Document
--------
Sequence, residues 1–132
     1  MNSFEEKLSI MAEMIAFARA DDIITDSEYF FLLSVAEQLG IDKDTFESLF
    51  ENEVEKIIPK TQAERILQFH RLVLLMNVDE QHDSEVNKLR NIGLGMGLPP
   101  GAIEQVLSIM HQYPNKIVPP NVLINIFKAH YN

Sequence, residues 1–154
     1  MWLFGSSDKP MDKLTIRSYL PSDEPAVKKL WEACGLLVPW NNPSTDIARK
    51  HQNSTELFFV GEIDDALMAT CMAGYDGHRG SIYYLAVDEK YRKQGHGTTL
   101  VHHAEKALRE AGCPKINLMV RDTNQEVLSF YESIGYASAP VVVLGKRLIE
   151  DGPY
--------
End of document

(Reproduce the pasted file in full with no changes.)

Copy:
Sequence, residues 1–132
     1  MNSFEEKLSI MAEMIAFARA DDIITDSEYF FLLSVAEQLG IDKDTFESLF
    51  ENEVEKIIPK TQAERILQFH RLVLLMNVDE QHDSEVNKLR NIGLGMGLPP
   101  GAIEQVLSIM HQYPNKIVPP NVLINIFKAH YN

Sequence, residues 1–154
     1  MWLFGSSDKP MDKLTIRSYL PSDEPAVKKL WEACGLLVPW NNPSTDIARK
    51  HQNSTELFFV GEIDDALMAT CMAGYDGHRG SIYYLAVDEK YRKQGHGTTL
   101  VHHAEKALRE AGCPKINLMV RDTNQEVLSF YESIGYASAP VVVLGKRLIE
   151  DGPY